Social Capital, the State’s Structural Intervention and Donors’ Choice Among Charitable Causes: Evidence from China

Abstract

The impact of social capital on individuals’ giving behavior has been widely studied, however, most of the existing literature considers charitable giving to be one form of prosocial behavior without further exploring donations to various charitable causes and fails to capture the shaping role of the state on individuals’ giving preferences. We draw on social capital literature and deploy the 2012 wave of the Chinese General Social Survey to examine to what extent the key social capital correlates, including social networks, norms of generalized reciprocity and trust affect individuals’ giving preferences and the amount given to six specific causes. Results indicate that the effect of social network on giving varies across causes greatly. Attending religious group has the highest explanatory power of giving to Religious cause. Being any associational membership are likely to give to Poverty cause, and individuals holding higher institutional trust give more , the charitable cause prioritized by the state’s political agenda and where donation is predominantly channeled through the state. Norm of generalized reciprocity is an important predictor of the decision to give to Neighborhood. Except for individuals attending community-based association donate higher amounts, others are relatively less likely to donate to the domain of Environmental issues, the newly emerged causes whereas still suppressed by the state. This study contributes a better understanding that individuals’ giving preferences are not only driven by social capital correlates, but shaped by the state’ structural intervention in various charitable domains, which also sheds lights on future studies that explore giving behaviors in other authoritarian regimes.

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Notes

  1. 1.

    With an exception of the period of Culture Revolution.

  2. 2.

    The first charitable foundation, the China Children and Teenagers’ Fund, was founded in 1981.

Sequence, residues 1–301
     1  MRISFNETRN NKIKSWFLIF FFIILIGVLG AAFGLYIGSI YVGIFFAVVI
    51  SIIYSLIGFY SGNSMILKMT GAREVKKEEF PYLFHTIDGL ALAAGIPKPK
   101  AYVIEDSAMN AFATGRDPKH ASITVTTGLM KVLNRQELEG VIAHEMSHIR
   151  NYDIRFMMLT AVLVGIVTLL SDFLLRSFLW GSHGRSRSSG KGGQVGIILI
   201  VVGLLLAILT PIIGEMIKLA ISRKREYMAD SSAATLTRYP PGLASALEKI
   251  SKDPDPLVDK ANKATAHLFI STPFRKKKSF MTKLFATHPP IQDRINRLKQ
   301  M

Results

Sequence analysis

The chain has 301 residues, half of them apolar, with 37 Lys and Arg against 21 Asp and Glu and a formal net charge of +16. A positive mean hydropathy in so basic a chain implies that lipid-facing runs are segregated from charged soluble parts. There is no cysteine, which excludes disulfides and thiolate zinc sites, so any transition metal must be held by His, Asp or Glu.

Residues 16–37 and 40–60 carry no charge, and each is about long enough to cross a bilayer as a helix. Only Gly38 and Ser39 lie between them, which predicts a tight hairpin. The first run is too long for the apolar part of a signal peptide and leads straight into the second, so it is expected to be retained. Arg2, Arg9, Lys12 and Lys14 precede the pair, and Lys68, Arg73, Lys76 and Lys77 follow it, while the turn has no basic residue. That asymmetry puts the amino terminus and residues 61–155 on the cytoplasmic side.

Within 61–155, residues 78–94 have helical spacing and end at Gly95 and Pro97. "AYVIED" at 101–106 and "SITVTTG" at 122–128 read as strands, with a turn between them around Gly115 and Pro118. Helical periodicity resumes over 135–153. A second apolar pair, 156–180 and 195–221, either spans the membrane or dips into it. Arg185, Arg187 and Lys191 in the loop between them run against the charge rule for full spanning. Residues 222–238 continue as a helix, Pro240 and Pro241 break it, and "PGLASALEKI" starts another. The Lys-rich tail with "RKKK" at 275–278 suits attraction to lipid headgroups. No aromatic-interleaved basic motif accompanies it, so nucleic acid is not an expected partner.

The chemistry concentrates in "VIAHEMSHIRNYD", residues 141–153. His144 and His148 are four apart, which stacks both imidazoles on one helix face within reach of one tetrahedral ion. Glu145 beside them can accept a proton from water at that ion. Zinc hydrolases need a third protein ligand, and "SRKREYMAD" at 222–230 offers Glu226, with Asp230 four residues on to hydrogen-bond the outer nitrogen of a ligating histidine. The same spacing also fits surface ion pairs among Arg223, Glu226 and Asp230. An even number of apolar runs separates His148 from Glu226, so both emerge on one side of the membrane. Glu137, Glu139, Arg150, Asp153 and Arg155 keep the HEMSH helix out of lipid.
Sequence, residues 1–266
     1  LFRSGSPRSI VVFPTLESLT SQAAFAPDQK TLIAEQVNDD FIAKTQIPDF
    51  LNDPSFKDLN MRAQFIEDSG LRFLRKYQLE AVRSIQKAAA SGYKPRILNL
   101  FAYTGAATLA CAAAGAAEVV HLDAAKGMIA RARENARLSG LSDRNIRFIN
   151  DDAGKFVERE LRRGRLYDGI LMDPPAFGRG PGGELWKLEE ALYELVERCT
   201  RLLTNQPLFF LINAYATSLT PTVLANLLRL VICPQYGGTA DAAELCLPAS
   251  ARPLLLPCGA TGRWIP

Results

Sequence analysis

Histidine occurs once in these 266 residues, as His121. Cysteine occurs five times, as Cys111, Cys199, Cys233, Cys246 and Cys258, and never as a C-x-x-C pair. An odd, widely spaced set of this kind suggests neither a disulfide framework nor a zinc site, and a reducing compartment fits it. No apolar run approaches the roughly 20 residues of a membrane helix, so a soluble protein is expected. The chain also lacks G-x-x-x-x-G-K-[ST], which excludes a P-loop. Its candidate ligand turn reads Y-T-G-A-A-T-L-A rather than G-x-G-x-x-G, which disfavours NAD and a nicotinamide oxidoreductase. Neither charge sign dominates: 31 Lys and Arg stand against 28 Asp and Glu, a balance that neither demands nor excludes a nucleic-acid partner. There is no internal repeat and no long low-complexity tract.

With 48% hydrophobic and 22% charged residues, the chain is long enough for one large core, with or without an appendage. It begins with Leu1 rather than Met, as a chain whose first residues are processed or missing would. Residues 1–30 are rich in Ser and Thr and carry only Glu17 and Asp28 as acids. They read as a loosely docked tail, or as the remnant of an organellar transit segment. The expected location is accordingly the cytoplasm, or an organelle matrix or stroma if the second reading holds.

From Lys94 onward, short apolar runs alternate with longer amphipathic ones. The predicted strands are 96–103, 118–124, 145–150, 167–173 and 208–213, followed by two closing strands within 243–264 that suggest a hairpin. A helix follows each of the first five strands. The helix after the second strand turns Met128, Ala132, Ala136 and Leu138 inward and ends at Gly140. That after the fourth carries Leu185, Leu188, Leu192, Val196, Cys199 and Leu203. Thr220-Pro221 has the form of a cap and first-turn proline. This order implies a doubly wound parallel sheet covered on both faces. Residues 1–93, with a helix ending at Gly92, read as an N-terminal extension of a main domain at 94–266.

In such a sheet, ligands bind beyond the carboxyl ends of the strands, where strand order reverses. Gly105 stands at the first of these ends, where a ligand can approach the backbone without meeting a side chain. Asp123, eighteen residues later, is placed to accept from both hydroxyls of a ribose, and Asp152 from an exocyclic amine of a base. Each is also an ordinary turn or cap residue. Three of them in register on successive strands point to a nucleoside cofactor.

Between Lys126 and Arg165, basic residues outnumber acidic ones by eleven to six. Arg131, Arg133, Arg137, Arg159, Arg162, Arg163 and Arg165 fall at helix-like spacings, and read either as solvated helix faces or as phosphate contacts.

3. 3.

    It worth noting that in the CGSS 2012 questionnaire there are nine types of associations, including (a) political association, (b) community association, (c) public association (voluntary association or nonprofit association), (d) entertainment club, (e) citizen’s movement association, (f) religious association, (g) alumni association, (h) labor union, and (i) professional association. For this study, we only include four types of associations.

  4. 4.

    By law, men retire at 60 while women retire at 50 in China. We use the mean retire age (= 55) as the second threshold of age categories in the analysis.

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Acknowledgements

The authors would like to thank the anonymous reviewers for their constructive comments and thoughtful suggestions.

Funding

This work was supported by the Key Project of the National Natural Science Foundation of the People’s Republic of China “Research on Organization and Model of Modern Social Governance” (71533002)and the Fundamental Research Funds for the Central University (63202006).

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Gong, X., Ye, S. Social Capital, the State’s Structural Intervention and Donors’ Choice Among Charitable Causes: Evidence from China. Soc Indic Res (2021). https://doi.org/10.1007/s11205-021-02609-7

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Keywords

  • Charitable giving
  • Individuals’ preference to give
  • Charitable causes
  • Social capital
  • Structural intervention by the state